… One of the majors was induced to finance and distribute. It was all perceived as prestigious, timely and cheap.


The nouns “document” and “package” confound the canonic status of Chopin's 1899 novel by calling to mind two kinds of shopworn cultural criticism: highbrow attacks on commercial Hollywood moviemaking and reactionary censures of academic literary studies as trendy rather than timeless. An exchange between Walker and his (male) agent a few pages later illustrates the trouble with regarding The Awakening as a “package.” Stone here stresses the glibly, often comically corrupt director's “concern over the feminist perspective” in the novel and the way “He wanted a writing credit. Not for some broad—for him” (18). A recent interview with Marilynne Robinson adumbrates the problem with regarding Chopin's novel as a “document.” One of Stone's few peers among contemporary novelists for sheer literariness, Robinson calls familiar political readings of The Awakening a “misunderstanding.” She objects to “the idea that art should be something that either documents or illustrates thinking that is carried on by other people for other reasons at other levels” (244). “Other people” and “other levels” pit the novelist against perceived efforts in the academy and the mass marketplace (where “the majors” predominate) to exploit literary work and industrialize literariness.

Stone's brief mention of Lu Anne's agent hints, however, at the possibility of resisting this exploitation and challenging the package/document Hobson's choice that our culture-making institutions usually offer. This agent occupies both subversive and traditionalist positions. Mixing insider savvy with insurgent motives and armed only with vigor and literacy, she works from within a discredited Hollywood apparatus to rescue literary achievement and artistic will. She also works effectively in the wake of what Jay Clayton heralds as “the disappearance of the old Romantic notion of the masterpiece” and a renewed appreciation of “anonymity” as salutary cultural developments (30). Less sanguinely than Clayton, Stone's rendering of Hollywood acknowledges this condition that mass culture and literary production have come to share. In Children of Light this residual “Romantic notion” yields to the notion of literature as salvageable package, as compromised document, as stressful collaboration. Into the universe Stone's novel evokes, where exploitation and self-congratulation prevail, Stone introduces an “agent” who draws on two discredited culture-making institutions to produce—however much compromised—“a place for art,” an opportunity for “poetry.” Stone has his characters fail to make good on this opportunity over the course of the story. But Stone doesn't completely deny Walker—or himself—such an opportunity. Instead he allows precariously for the persistence of such opportunities inasmuch as Children of Light itself rehearses such an effort.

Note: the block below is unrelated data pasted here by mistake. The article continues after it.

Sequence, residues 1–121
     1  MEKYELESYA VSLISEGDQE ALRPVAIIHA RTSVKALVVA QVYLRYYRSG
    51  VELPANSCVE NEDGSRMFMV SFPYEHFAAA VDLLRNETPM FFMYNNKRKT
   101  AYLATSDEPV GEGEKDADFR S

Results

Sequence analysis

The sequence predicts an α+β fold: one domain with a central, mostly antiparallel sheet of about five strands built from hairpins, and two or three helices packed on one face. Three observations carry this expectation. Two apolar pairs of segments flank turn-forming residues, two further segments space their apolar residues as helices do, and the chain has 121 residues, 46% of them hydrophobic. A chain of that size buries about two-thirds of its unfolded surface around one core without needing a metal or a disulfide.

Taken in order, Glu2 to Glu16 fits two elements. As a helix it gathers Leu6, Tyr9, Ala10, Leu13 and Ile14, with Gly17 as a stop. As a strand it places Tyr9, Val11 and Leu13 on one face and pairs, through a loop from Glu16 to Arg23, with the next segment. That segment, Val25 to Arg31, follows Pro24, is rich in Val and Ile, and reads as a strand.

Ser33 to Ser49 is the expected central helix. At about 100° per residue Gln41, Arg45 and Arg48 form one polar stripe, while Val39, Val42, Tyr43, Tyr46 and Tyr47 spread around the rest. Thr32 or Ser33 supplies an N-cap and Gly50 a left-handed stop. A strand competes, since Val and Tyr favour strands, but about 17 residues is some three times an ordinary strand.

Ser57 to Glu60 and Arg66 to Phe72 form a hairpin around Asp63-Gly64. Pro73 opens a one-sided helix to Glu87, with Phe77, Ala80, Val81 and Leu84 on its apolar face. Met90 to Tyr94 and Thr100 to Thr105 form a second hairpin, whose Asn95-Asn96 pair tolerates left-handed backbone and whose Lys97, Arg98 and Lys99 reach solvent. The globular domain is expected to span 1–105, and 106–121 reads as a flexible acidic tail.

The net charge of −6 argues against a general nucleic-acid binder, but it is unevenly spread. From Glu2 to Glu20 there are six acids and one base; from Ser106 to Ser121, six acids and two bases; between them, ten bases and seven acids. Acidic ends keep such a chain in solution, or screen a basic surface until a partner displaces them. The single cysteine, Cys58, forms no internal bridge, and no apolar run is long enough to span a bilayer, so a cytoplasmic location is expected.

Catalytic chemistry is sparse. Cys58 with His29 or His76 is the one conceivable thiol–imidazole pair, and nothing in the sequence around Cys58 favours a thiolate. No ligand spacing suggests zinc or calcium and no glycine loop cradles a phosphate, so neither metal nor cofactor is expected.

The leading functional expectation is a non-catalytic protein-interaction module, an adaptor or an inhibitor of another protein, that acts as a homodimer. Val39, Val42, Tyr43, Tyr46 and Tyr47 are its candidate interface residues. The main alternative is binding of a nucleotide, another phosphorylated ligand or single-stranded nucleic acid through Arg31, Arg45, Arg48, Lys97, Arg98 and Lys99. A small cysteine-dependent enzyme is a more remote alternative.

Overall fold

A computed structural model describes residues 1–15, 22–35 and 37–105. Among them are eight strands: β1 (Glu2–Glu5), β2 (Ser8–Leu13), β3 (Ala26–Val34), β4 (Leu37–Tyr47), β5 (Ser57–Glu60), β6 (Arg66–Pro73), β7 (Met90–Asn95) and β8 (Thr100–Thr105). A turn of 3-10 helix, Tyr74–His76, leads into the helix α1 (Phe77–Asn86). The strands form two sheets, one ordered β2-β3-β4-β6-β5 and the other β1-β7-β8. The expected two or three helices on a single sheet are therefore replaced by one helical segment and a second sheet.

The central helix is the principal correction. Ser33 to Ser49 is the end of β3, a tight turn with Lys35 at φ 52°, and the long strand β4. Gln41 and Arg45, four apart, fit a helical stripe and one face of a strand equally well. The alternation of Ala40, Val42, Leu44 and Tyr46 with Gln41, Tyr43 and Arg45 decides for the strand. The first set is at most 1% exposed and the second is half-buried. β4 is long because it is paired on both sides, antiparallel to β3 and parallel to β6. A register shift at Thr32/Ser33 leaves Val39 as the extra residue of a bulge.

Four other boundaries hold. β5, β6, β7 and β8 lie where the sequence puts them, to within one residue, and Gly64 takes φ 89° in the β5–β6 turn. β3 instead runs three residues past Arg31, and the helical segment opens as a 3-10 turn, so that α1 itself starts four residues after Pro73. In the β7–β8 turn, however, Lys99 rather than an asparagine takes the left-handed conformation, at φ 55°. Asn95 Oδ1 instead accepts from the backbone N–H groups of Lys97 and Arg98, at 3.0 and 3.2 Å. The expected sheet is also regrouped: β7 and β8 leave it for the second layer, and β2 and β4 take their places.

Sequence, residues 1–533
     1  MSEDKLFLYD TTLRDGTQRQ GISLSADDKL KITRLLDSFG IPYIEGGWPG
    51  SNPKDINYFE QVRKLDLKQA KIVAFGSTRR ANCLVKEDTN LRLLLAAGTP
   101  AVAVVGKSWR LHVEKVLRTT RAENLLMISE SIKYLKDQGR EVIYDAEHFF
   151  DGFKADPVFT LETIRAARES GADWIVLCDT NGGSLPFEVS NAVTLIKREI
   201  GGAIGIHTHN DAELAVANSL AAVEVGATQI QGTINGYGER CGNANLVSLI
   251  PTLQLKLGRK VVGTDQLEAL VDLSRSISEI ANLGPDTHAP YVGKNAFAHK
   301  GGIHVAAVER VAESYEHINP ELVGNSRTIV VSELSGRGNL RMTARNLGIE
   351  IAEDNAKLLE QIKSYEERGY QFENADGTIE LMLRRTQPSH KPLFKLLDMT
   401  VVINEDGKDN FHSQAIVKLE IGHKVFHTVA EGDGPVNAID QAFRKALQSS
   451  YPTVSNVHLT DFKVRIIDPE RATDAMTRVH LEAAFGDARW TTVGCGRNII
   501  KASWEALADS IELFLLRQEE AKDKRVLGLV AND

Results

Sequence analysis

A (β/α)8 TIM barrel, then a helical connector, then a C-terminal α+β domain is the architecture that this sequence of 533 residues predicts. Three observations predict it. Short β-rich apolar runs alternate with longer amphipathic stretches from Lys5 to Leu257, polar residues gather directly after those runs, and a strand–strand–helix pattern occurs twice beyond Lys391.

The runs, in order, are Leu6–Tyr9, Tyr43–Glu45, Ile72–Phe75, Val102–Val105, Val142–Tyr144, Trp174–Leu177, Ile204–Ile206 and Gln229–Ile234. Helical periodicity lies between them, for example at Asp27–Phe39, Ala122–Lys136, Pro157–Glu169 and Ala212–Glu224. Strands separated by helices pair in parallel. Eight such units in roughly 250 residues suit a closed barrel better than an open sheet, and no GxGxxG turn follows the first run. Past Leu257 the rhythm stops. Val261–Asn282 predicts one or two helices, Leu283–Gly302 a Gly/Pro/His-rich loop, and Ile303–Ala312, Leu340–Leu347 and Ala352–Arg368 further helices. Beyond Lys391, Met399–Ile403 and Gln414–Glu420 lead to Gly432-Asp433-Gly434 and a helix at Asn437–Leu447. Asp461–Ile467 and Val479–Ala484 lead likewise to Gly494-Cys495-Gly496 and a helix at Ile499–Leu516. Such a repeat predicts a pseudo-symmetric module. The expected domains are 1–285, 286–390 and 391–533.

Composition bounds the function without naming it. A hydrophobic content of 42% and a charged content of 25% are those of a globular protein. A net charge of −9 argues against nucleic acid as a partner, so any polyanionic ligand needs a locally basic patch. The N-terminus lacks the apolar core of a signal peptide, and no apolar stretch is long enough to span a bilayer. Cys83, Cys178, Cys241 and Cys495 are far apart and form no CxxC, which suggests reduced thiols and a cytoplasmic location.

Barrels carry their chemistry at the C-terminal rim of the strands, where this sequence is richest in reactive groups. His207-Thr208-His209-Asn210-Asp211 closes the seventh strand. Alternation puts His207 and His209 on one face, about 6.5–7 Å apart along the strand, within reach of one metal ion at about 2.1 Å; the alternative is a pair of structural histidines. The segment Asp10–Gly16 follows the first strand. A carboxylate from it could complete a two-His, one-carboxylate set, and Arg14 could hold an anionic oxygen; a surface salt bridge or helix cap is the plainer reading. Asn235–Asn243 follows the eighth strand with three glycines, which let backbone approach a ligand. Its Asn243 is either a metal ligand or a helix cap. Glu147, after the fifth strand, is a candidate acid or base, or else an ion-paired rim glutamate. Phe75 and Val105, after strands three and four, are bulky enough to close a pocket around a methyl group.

Stone's account of how Chopin's novel moved from academe to a major studio pays close attention to the means of cultural production, the manufacture of narratives and images. It also calls attention to the role personal agency and gender play in such production. Children of Light predictably prompted critics to add it to the canon of dark Hollywood classics including The Day of the Locust and The Last Tycoon (see Balliet 105; Rich 32; R. Solotaroff 121). But more quietly Stone complicates the relationship between Hollywood itself and the lasting literary production Hollywood exploits (Chopin's work) and provokes (West's and Fitzgerald's). This complication lies in Stone's reference to the role academic literary criticism played in bringing The Awakening to Hollywood. Stone pushes past the familiar “creative writing” party line, the self-congratulatory revivalism that reviles academic understandings of fiction and poetry as the work of “culture vultures” (see Atwood 44; Cheuse 499; Gossman 28). Beyond this easy opposition Stone engages theoretical and historical questions that usually occupy academic critics more deliberately than the novelists who honor this divide allow themselves to be occupied. Entering this fray from the academic side, Elaine Showalter recruits Stone for her feminist “sister's choice” canon, praising the theoretical suppleness of Stone's “dialog with Chopin” and his pioneering efforts to move The Awakening from the ghetto she calls “the academic canon” into the mainstream of literary practice, where novels actually get made, theory gets practiced, and, among the most compelling practitioners, practice gets theorized (84).1 Such efforts reverberate even more strikingly in the “game of relentless Shakespearianizing” Stone has his protagonists play throughout Children of Light (120), most notably in the encounter between Lear—Walker's defining role—and Rosalind in As You Like It, the high point of Lu Anne's acting career.